I am mystified by the tenacious practice of slavery in history. What transpired in the American South is merely a page in the saga of human trafficking, traceable all the way from the 20th Century to 1700 BC when The Babylonian Code of Hammurabi distinguished between slave and free. The Hittites were among the ancient civilizations to keep slaves as did the influential Roman and Greek empires. Then came the prominent period of transatlantic human commerce. Spain and Portugal bought from Muslim traders North Africans to work the farms and mine the gold in the Central and South Americas they had conquered. When the “need” exceeded resources and enslaving the Indians in the New World wasn’t enough, the European countries went on to kidnap ordinary villagers out of West Africa. The Dutch joined in on the lucrative melee, followed by the British who kept their hand on Africa for over three hundred years. Which brings us well into the ironic dealings of America who had insisted on independence from her oppressive English mother.
So I watched Twelve Years a Slave and went blindly save the knowledge that the movie had earned critical acclaim and a string of award nominations. I didn’t go to do a review but to see what it might contribute to this series. The film added perspective and detail to the African-American story I was well familiar with. Twelve Years spotlights a quieter segment of American slave history, free blacks in the North who were kidnapped to the South into an unthinkable life. Based on the true story of Solomon Northrup, the movie not only goes no holds barred in the depiction of injustice but offers a stirring conceptualization of bondage. It is horrible to be born into a box, to know nothing from birth but that you are disposable, unsafe, and must buy with blood and sweat your right to breathe. But to have known freedom? To have enjoyed love and esteem, fine dress, house and land, opportunities to develop gifts; and one day find yourself literally thrown at the door to a life that denied your personhood, stripped you of your family, property, accomplishments, and name? It’s a dream you go crazy to wake from. I had not realized that blacks were actually never fully free in the North. You could believe your horizon as wide as anyone else’s but if you were dark, you laughed and worked possibly a marked man. Just like a West African.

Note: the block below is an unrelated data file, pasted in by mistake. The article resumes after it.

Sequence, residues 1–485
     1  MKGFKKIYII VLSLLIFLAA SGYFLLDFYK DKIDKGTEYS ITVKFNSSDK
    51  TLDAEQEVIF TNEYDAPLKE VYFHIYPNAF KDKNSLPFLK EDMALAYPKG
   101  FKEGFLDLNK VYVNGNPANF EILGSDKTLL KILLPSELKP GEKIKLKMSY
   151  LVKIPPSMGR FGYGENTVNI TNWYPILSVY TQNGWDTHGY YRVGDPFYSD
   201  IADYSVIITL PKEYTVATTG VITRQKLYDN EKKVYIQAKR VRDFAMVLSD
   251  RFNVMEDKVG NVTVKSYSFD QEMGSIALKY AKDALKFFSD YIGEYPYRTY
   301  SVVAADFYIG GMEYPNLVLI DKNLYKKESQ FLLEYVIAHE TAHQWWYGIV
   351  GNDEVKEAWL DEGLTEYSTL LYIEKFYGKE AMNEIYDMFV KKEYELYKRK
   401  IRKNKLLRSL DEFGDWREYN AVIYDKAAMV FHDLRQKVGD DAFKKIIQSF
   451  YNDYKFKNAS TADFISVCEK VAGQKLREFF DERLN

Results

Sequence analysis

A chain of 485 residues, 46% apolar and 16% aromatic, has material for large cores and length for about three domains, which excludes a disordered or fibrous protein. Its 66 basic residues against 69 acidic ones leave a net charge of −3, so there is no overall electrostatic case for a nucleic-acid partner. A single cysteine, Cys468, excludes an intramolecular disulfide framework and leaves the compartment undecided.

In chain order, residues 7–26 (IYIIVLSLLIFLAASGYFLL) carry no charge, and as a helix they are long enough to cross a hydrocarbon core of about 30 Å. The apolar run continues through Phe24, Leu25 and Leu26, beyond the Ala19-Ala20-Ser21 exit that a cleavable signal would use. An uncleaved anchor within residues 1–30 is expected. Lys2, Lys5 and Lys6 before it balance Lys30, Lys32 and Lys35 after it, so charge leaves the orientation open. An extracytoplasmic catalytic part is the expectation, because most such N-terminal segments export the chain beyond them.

The way a slaver inducted Northerners into the ways of the South was to beat them until their spirit, identity, humanity broke. The heartbeat of Solomon’s struggle is to hold onto his dignity and refuse despair. How long can you fight despair, especially when the majority of slaves born or kidnapped into the madness never made it out? How far will you go to survive? He sees a man who tries to defend a black woman from rape stabbed to death without second thought. Yes, Solomon learns to bow, call the white man Master, run when Master barks, hide how smart he is. A psychopathic plantation owner orders Solomon to lash a female slave who had left the premises to procure soap. Solomon reaches a point of paradigm shift. The need to live supersedes principle and loyalty. He has a wife and children he’s been praying to see again one day. He whips Patsy as long as he is required. Hearing her scream with the deep, bloody grooves running across her back in the next scene, we wish she had died.
The endless sky under which Solomon labors is his endless prison. When Solomon incredulously wakes from his bad dream and jumps on a carriage to be escorted back home toward the end of the film, you see the very air is different. He marvels. It is free air. I had planned to name this post Out of the Mouth of Slavery but decided to keep it a tribute to the millions of people around the world Solomon came to represent those twelve years deep in the mouth of hell. I take pause to acknowledge the desperate fight within the human spirit to maintain dignity and keep hope in view when darkness prevails. I recognize those who stood helpless as their wives were raped, children sold, and marshaled the strength to put one foot in front of the other. Great men, women, and little ones who triumphed over the assurance that their sun will never rise.